ScienceDaily (Apr. 3, 2012) — A new
regional study by a senior learning researcher and Mississippi State faculty
member is the first to link homework distraction to a wide range of variables.
The multi-level analysis by
Jianzhong Xu, a professor in the university's College of Education, examined a
range of variables affecting homework distraction, at both the student level
and the class level. He hypothesized that homework distraction is affected by
such variables as gender, academic achievement and student attitudes toward the
A member of the college's leadership
and foundations department, Xu also included numerous types of distractions in
"The distractions I considered
ranged from the conventional, such as watching television or daydreaming, to the
high-tech, such as text messaging and playing video games," he said.
Xu surveyed 1,800 eighth- and
11th-grade students from nearly 100 classes across the Southeastern United
States. Students were asked about the frequency of family help with homework, extracurricular
activities and parents' education levels, among other variables.
Xu, a Columbia University doctoral
graduate, said the study found those less likely to be distracted while doing
homework scored higher in affective attitude, academic achievement,
learning-oriented reasons, homework interest, and adult-oriented reasons.
Most of the variance in homework
distraction occurred at the student level, not at the class level, he added.
While it may be a common assumption
that many students tend to think of homework as boring, Xu's investigation
indicated affective attitude toward homework, like the favorability of homework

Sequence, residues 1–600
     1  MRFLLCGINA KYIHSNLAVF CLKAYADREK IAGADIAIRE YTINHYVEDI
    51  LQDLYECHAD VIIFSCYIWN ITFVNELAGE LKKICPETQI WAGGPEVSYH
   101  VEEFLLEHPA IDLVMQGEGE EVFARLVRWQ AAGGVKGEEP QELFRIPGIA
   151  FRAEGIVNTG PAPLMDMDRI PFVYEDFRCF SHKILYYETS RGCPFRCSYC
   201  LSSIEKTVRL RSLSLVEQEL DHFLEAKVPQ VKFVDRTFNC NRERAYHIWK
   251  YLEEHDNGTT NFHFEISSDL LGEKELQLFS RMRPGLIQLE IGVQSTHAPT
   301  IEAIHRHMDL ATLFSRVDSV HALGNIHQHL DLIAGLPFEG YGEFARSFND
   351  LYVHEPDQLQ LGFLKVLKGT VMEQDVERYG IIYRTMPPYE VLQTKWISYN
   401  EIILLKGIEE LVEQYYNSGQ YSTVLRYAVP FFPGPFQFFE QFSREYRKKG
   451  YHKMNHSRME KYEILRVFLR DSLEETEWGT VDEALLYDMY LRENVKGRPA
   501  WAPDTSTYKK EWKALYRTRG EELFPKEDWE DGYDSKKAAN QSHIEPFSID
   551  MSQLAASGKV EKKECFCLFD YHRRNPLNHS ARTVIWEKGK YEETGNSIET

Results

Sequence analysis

as compared with other after-school activities, affect homework distraction the
The study also yielded two
Girls were more likely to be distracted than boys
11th graders were more likely to be distracted than
younger students while doing homework.
Xu said the study's results have
both research and practical implications.
"This line of research needs to
be continued," Xu said. "Other school levels, how different genders
handle distractions and how certain attitudes toward homework play a role in
coping with distraction need to be examined."
Even though the findings show family
homework help is not directly related to homework distraction, parents may
still play an important role in helping children cope with distraction through
influencing their attitudes toward homework. And students can take
responsibility toward decreasing distraction while doing their homework by
arranging a conducive homework environment and prioritizing and structuring
Mississippi State University (2012, April 3). In-depth look
at homework distractions.
Autism More Common Than Previously Thought: CDC Report